6 facts about e-waste you NEED to know
It seems that if you put an ‘e’ in front of a word these days, it changes the whole context of it. Well, that is true actually.
‘E-waste’ is something that we are all dealing with, every day, and in order to protect our identities, our business, our clients, we should ensure that we deal with it correctly.
What is E-Waste?
The official meaning is “any discarded electronic or electrical devices or their parts.” That includes computers, hard drives, USBs, CDs, mobile phones, tablets, modems, and in todays technological environment, we all have at least one of this as a personal device. In Australia, many of us own three individual personal devices – a computer, a laptop, and a mobile phone.
That’s a lot of personal information that we have stored. We are responsible for protecting our identity, and securely destroying any information left on these devices when we upgrade or get a new screen. So here are some facts about digital data destruction you should know, so you can keep your private information just that, private.
6 facts about e-waste you should know
1. Removing a SIM card won’t delete the information from your phone. Even if you wipe the memory of the phone, hackers can still retrieve data. The only way to keep records private is to physically and securely destroy your old mobile phone.
2. Removing a SIM card won’t protect the information from your laptop. Who uses their tablet or ipad to do their online banking? Lots of us. The same applies as for your phone – sophisticated hacking technology can access details from old tablets even if we think they have been completely wiped. There is no need to risk it, just have it destroyed for peace of mind.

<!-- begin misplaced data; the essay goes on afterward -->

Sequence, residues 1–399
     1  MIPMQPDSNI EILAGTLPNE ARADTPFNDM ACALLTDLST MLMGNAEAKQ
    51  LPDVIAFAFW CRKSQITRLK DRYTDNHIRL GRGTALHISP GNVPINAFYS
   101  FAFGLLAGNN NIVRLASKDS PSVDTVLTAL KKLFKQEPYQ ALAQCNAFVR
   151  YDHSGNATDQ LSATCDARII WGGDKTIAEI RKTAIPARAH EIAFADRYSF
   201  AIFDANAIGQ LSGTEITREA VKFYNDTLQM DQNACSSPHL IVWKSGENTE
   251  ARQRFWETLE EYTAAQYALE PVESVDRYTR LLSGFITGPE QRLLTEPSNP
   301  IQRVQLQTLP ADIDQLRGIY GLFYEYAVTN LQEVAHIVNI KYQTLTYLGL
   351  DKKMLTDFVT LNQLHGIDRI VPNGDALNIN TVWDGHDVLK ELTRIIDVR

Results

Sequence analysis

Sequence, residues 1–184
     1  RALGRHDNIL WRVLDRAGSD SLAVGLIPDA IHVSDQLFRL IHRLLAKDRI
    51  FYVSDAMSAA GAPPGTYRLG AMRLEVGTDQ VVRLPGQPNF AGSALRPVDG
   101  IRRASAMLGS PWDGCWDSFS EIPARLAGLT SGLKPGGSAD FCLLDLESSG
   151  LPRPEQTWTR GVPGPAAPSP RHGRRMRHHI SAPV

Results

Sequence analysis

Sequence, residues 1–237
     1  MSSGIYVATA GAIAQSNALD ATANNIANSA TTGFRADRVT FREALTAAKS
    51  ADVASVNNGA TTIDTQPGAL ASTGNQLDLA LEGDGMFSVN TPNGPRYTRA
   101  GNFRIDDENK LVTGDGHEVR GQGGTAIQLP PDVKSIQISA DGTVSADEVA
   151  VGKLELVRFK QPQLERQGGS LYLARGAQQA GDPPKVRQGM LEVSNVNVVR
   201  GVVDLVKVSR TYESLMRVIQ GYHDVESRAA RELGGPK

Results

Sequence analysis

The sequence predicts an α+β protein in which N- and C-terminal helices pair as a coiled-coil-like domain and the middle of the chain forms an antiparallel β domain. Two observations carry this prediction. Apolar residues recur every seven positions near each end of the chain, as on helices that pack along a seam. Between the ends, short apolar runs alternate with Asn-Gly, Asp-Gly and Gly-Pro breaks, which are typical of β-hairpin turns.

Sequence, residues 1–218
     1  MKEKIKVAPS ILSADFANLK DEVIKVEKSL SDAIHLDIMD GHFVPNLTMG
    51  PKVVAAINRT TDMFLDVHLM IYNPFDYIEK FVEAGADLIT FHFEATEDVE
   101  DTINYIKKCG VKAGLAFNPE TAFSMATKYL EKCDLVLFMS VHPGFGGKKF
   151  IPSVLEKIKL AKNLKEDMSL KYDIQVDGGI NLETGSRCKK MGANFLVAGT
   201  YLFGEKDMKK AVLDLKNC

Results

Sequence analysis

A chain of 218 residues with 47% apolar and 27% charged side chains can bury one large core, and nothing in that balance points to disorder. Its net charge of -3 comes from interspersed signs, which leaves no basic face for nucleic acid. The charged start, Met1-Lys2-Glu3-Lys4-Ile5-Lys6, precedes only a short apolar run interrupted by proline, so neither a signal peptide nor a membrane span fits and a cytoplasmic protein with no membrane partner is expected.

3. Destroying e-waste properly helps the environment. Computers and other hardware items contain potentially hazardous materials, including lead, cadmium and mercury, which should be managed in a safe manner. Having your computer properly destroyed means it will be recycled and not sit in landfill.
4. Australians are among the highest users of technology in the world, and consequently, appropriate management of old technology is paramount. Currently, Australians buy more than 4 million computers per year.
5. Between 2008 and 2009, just under 16 million computers reached the end of their life. Only 1.5 million were properly destroyed and recycled. That’s a lot of information out there for the taking, and a lot of hazardous material potentially harming our environment.
6. By 2027 44 million computers and / or televisions will reach the end of their expected life. That is 181,000 tonnes of dumped technology. What a waste.
Protect yourself, your business, and your clients by managing the destruction of digital data properly, once and for all. And while you are doing so, pat yourself on the back, because you are also helping the environment, and our future.